AAJ: "The Big Almost.

AAJ: For example. But I think more generally, it's the mood under which it was created. And I agree with you that it is about hope, ultimately.

AAJ: This album has a nice mixture of trio material, lots of quartet stuff and then there's that final solo piano tune [Iyer's cover of John Lennon's "Imagine ]. I particularly love "Inertia, which almost reminds me of Debussy or Satie.

VI: It's somewhere in that realm of kind of—ominous French parlor music [laughing]. That whole tradition from Chopin to Messiaen. And it's through-composed; there's no improvisation in it. It has this unsettled—well, what other word besides "inertia?

AAJ: When I reviewed the CD, I said something about it giving the impression of you seeming to be struggling against great weight.

VI: [Laughing] Well, I was thinking in particular about Chopin because he was basically insane, by all accounts. And there's something almost macabre about it. In fact, that's actually a very placid piece but there are a couple twists to it. One is that there's this bitonality going on and the other is that there's this sustained polyrhythm through the entire thing so that basically the melody is in six and everything else is in seven. This very gentle—rubbing coming out of these different strata.

AAJ: A mild sort of incompatibility.

VI: Yeah, so there's something that doesn't quite fit about this picture here. I guess the way you described it is pretty fitting. If you were to try to put it into a social context, I think it's pretty obvious what I'm thinking, like: how do you create change in a stultifying atmosphere like this one?

AAJ: The cards seem stacked.

VI: But that song comes on the heels of a piece called "Revolutions, which is very much about the possibility of change.

AAJ: "Cardio on this album feels like the cousin to "Stigmatism on Blood Sutra, although "Stigmatism is more Bud Powell-y, maybe, and "Cardio has more of an electronica feel, with that kind of complex, skittering rhythm. They both have rapid, dancing piano.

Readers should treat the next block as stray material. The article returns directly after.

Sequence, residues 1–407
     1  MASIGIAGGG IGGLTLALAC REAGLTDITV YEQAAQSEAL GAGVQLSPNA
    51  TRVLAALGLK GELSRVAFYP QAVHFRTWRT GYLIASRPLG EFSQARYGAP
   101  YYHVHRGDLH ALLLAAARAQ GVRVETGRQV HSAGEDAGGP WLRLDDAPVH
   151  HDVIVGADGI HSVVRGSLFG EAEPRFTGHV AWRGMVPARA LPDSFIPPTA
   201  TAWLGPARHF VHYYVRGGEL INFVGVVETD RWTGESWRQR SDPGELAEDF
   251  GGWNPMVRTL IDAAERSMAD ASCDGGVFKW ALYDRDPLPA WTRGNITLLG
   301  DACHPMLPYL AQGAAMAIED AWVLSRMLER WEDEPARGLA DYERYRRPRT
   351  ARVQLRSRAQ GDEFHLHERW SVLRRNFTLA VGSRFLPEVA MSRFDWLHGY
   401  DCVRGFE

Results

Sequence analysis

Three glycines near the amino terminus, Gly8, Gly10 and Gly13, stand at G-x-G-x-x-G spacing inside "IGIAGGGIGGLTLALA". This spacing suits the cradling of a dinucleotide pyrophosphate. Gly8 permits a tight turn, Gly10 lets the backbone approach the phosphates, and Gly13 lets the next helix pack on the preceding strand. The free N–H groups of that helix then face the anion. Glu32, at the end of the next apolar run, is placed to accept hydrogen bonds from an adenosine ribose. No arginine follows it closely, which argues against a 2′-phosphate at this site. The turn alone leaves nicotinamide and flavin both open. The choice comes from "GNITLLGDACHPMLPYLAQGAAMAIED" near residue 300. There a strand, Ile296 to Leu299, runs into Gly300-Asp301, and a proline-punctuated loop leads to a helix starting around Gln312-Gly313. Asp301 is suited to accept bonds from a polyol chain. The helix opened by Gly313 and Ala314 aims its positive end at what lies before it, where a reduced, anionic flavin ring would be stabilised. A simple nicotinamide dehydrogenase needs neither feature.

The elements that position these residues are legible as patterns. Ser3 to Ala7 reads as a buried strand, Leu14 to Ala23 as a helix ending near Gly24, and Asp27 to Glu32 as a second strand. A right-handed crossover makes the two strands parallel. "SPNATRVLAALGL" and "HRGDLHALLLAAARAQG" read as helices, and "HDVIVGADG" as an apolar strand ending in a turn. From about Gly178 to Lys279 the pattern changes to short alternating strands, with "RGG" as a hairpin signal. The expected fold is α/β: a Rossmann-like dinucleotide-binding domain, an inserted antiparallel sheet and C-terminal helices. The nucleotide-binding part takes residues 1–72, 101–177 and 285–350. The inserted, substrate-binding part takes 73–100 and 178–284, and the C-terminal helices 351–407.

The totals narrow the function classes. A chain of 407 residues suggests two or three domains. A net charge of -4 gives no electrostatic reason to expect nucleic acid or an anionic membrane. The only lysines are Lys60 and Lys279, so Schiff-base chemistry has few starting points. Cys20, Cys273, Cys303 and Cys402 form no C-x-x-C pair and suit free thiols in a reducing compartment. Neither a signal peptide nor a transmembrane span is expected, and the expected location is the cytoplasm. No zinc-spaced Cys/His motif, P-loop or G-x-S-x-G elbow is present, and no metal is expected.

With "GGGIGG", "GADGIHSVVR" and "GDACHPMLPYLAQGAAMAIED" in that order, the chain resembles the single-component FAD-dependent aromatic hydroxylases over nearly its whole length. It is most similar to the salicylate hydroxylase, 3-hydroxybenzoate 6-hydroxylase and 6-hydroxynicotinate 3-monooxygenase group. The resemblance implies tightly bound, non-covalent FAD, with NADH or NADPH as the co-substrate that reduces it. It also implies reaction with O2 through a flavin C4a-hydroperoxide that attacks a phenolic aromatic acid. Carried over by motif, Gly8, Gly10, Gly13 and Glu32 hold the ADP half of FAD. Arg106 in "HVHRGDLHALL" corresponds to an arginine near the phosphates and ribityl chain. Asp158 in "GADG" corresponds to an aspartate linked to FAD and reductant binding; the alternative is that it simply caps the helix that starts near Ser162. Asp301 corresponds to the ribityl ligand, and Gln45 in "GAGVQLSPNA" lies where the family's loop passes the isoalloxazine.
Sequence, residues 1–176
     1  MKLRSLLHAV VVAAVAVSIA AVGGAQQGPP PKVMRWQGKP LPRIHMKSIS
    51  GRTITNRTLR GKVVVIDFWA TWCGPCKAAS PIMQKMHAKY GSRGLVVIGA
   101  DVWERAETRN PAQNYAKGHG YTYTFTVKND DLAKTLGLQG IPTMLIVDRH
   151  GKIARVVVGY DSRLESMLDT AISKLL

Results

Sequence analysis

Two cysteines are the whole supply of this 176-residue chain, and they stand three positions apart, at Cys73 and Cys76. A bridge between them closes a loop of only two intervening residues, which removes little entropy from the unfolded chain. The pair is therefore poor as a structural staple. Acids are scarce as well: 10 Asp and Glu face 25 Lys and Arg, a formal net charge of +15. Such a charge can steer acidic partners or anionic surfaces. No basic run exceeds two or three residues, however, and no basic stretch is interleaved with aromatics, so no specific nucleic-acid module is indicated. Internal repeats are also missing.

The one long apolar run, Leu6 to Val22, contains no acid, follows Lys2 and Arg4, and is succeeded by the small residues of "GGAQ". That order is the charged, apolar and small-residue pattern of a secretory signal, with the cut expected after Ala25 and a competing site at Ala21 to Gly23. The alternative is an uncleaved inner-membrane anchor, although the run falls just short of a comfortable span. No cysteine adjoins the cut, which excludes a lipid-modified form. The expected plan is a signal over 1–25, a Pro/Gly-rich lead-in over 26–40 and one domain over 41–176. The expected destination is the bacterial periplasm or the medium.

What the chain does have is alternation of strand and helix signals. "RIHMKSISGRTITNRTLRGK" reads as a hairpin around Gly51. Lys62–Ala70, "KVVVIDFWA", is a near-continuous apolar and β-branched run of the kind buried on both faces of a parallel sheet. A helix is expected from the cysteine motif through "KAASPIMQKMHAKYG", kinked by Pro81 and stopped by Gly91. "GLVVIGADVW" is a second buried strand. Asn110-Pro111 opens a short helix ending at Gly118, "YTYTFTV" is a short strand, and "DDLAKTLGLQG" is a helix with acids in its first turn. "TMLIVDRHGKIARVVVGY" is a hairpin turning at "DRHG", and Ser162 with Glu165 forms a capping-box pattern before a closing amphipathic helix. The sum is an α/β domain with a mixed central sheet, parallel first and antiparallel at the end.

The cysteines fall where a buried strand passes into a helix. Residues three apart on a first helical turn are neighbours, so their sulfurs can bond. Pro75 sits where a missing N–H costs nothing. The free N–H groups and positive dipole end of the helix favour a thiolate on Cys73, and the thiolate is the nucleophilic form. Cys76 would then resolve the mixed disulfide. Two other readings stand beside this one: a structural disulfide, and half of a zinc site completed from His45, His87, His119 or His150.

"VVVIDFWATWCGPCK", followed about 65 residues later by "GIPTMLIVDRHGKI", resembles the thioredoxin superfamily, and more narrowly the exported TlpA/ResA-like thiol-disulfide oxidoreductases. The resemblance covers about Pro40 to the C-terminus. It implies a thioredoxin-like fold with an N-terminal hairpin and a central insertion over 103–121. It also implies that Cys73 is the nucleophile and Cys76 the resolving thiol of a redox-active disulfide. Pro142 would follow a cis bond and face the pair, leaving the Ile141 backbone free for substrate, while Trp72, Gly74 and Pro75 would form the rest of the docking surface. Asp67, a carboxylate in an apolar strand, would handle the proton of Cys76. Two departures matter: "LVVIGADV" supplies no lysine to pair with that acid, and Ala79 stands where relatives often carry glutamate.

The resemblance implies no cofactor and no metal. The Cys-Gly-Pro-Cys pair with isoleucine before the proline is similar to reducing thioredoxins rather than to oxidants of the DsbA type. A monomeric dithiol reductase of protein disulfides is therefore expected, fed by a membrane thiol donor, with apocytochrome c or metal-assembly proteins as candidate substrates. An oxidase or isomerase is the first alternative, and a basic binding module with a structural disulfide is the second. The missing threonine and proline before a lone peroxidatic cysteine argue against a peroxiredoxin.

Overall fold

VI: That's funny because that piece dates back to the same time. I actually had written it for Blood Sutra and in fact, we tried to record it. But I wasn't able to achieve it that day. It was hard! I think we saved it until last on that session and my fingers were like a pulp at the end of it. I couldn't even play the main figure. But yeah, in terms of that connection with electronica, it's definitely there. There's almost an iciness and a broken quality to it. It feels like this weird, whirring contraption that has these different cogs in it that are spinning at these different rates, or something like that. I'm interested in how you can use acoustic instruments to evoke this very machine-like, almost inhuman image—and yet to kind of undermine that as well.

AAJ: I'm fascinated with the way you accompany Rudresh when he's soloing. Traditionally in jazz you'd call it "comping, but what you do sometimes is almost polyphonic in its musical substance. Like a simultaneous parallel solo. There's some of that on "Infogee's Cakewalk, and "Questions of Agency on Blood Sutra has it too. Is this something you try to do?

VI: Yeah. Some of it came from my work with Roscoe [Mitchell]. I really learned this different sense of what it means to accompany. It's funny, but what people want out of an interactive context—somehow they want people to perform interactivity: prove to each other that they're listening by imitating each other. Roscoe would call it "following, like people just following each other around on stage. Suggesting they can't think for themselves, essentially. He'd always say, "don't follow me! Goddamn! It's going to bog me down; you don't know what I'm trying to play over here! [Laughing] And so he was very interested in people generating their own independent streams of information. Then the listener discerns an emergent counterpoint. That's not to say you're not listening to each other; in fact you have to listen more deeply. It's almost more like you're trying to avoid each other, and you get tuned in to the overall dynamic. So I try to draw a lot from that whole mentality, too, because comping in the traditional way: in a way it's so overdetermined. I mean, it's been done to such a degree. How am I going to top McCoy [Tyner] playing with 'Trane? I'm not. So I'm trying to come up with some other strategies. So we do that on purpose; that's the short answer.

AAJ: I think my favorite song on the new CD at the moment is "Experience. It's got an eternal, mandala-like quality. It's really just modulating ostinati, and I like how the recording ends on a fade—as if it goes on forever, in either direction.